Hostname: page-component-5d59c44645-7l5rh Total loading time: 0 Render date: 2024-02-27T12:54:41.362Z Has data issue: false hasContentIssue false

P03-343 - Treatment Choice in Psychiatry? How Would European Trainees Treat Psychosis for Their Patients and Themselves, and what Influences Decision-Making?

Published online by Cambridge University Press:  17 April 2020

S. Jauhar
Affiliation:
Dept of Psychiatry, Hairmyres Hospital, Glasgow, UK
S. Guloksuz
Affiliation:
Psychiatry Dept., Bakirkoy Research and Training Hospital for Psychiatry, Neurology and Neurosurgery, Istanbul, Turkey
J. Gama Marques
Affiliation:
Dept of Psychiatry, Lisbon, Portugal
M. Bendix
Affiliation:
Karolinska Institute, Stockholm, Sweden
G. Lydall
Affiliation:
University College London, London, UK
O. Andlauer
Affiliation:
Université de Franche- Comté, Besançon, France
S. Gerber
Affiliation:
Dept of Psychiatry, Freiburg, Germany
C. Roventa
Affiliation:
Department of Psychiatry, Bucharest, Romania
J. Van Zanten
Affiliation:
Dept. of Psychiatry, Vrije Universiteit Amsterdam, Amsterdam, The Netherlands
N. De Vriendt
Affiliation:
Brugmann University Hospital, Université Libre de Bruxelles (U.L.B.), Brussel, Belgium
A. Nawka
Affiliation:
Prague Psychiatric Centre and 3rd Faculty of Medicine, Charles University, Prague, Czech Republic
I. Nwachukw
Affiliation:
University College Dublin, Dublin, Ireland
E. Dobrzynska
Affiliation:
Cygnet Hospital, Bristol, UK
A. Mufic
Affiliation:
Dept Psychiatry, Zagreb, Croatia
A. Nazaraliev
Affiliation:
Moscow University, Moscow, Russia
I. Dumitrescu
Affiliation:
Department of Psychiatry, Bucharest, Romania
L. Mendonca
Affiliation:
Dept of Psychiatry, Lisbon, Portugal
F. Riese
Affiliation:
Zurich University Psychiatric Hospital, Zurich, Switzerland

Abstract

Core share and HTML view are not available for this content. However, as you have access to this content, a full PDF is available via the ‘Save PDF’ action button.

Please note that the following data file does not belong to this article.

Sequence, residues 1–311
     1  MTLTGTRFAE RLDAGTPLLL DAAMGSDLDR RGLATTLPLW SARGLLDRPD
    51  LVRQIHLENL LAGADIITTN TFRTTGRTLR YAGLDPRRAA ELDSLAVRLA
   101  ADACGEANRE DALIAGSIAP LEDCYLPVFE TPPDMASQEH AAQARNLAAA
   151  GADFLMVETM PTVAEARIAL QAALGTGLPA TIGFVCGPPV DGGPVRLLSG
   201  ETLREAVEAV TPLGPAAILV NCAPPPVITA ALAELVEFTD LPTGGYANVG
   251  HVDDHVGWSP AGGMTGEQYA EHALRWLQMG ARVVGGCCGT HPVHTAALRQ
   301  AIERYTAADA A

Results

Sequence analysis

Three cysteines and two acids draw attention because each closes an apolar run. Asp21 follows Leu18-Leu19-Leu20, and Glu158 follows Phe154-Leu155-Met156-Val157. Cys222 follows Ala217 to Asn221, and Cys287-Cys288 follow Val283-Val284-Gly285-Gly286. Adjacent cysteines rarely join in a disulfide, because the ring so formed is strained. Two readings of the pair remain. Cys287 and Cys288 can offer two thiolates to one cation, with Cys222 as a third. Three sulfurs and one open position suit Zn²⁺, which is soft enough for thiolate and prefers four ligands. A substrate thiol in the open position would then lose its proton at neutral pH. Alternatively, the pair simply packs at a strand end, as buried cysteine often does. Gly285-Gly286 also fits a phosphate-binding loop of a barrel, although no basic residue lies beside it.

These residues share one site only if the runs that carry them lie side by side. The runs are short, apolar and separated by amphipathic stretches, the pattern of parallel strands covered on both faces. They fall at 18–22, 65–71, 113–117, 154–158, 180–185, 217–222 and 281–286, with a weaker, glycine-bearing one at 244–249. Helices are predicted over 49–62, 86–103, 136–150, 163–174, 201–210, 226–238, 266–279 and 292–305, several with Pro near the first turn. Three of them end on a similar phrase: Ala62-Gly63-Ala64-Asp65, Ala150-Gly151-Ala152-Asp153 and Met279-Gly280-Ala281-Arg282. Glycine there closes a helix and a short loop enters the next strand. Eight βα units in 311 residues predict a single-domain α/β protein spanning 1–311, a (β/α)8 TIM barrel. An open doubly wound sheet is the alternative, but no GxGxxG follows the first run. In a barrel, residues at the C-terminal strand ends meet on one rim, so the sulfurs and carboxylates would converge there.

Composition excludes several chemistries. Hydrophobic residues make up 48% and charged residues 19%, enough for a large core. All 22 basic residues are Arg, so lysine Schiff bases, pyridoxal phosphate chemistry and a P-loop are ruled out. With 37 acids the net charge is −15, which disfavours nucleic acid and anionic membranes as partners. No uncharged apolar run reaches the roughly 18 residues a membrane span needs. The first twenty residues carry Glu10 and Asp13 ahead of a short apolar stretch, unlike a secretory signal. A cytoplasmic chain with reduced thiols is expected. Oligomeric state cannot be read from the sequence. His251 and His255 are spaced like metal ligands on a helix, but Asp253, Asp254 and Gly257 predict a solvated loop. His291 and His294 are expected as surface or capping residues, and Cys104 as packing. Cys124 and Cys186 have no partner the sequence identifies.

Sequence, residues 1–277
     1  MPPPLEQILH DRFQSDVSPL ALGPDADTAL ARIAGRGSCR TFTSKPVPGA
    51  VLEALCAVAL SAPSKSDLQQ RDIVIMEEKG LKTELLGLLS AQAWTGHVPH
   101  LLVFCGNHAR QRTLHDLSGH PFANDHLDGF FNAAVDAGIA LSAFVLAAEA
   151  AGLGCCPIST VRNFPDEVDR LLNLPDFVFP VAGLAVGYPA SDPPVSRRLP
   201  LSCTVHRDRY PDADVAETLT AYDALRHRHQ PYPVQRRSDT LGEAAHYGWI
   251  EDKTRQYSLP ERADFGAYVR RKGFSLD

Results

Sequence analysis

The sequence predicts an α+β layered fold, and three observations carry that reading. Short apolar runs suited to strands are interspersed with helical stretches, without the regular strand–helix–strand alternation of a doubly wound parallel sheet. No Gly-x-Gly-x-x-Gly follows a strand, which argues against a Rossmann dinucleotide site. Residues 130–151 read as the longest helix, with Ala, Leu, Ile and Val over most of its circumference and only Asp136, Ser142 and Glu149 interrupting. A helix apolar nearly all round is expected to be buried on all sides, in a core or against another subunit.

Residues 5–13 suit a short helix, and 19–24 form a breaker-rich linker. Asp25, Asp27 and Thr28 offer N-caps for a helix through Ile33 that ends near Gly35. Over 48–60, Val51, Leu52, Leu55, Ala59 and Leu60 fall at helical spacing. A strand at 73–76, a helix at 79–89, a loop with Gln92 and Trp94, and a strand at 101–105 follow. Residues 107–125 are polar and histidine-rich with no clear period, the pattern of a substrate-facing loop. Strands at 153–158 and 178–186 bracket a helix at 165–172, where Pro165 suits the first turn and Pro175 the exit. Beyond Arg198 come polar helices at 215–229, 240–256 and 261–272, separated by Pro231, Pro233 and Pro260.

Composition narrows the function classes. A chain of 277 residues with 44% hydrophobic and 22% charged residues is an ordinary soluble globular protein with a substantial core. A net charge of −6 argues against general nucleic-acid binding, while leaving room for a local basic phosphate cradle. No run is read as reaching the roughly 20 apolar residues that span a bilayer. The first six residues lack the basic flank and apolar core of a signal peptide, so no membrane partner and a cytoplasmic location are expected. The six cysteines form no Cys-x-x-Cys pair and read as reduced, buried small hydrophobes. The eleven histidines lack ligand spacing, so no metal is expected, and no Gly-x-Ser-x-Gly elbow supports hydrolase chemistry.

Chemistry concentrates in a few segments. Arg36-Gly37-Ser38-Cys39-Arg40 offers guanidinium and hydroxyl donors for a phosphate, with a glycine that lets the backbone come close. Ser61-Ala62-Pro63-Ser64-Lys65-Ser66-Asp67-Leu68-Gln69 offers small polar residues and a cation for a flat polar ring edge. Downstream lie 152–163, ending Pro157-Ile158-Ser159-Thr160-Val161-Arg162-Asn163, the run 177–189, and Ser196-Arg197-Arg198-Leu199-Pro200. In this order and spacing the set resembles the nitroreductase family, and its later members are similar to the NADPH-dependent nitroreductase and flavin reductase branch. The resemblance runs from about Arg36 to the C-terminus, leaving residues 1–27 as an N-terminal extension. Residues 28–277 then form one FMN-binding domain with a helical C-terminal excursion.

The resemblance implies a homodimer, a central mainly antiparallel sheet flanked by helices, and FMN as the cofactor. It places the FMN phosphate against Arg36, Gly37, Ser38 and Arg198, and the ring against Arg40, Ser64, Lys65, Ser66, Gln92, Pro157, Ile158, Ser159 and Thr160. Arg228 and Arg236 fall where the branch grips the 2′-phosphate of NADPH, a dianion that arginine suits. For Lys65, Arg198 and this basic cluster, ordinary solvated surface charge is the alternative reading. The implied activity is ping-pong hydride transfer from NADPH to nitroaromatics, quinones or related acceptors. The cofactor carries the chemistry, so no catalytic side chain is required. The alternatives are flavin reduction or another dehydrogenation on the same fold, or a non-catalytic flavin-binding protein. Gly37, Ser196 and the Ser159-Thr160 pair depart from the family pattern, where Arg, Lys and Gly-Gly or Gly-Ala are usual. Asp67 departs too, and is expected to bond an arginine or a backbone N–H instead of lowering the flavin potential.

Objectives

Recent evidence has questioned modern psychiatric clinical practice, specifically the prescribing of “atypical” antipsychotics. Our Pan-European Research Group wished to ascertain clinical practice amongst European trainees, which treatments trainees would desire for themselves, and factors influencing this.

Methods

A semi-structured survey was constructed from prior literature, piloted, and a homogenous sample size of at least 50 was agreed upon from each country, with 50% minimum response rate. It was distributed via web-link, with questions on preference of antipsychotic for patients in given scenarios, and factors influencing choice. Physicians were asked for their preference should they develop psychosis.

Results

  1. i) Treatment choice of antipsychotic for patients

93% (n=600) of respondents chose to prescribe “atypical” antipsychotics (excluding Clozapine), 6% (n=42) choosing “typical” antipsychotics, 1% (n=6) choosing Clozapine as first-line therapy.

  1. ii) Treatment choice if trainees developed psychosis

89% (n=530) of responders chose to prescribe “atypical” antipsychotics (excluding Clozapine), 7% (n=40) choosing “typical” antipsychotics, 4% (n=23) choosing Clozapine as first-line therapy.

  1. iii) Factors influencing choice

These mapped onto three domains: cost, efficacy and side-effect profile (less than 5% other reasons). 79% (n=458) of those who responded felt efficacy most important, 46% (n=270) felt side-effect profile most important and 3% (n=16) considered cost of paramount importance.

38% (n=272) of those who responded to the survey stated that the CATIE trial had influenced their decision-making.

Conclusions

Psychiatry trainees’ choice of antipsychotic medication for both patients and themselves is based on perceived benefits, as opposed to evidence base and recent literature.

Type
Psychopharmacological treatment and biological therapies
Copyright
Copyright © European Psychiatric Association 2010
Submit a response

Comments

No Comments have been published for this article.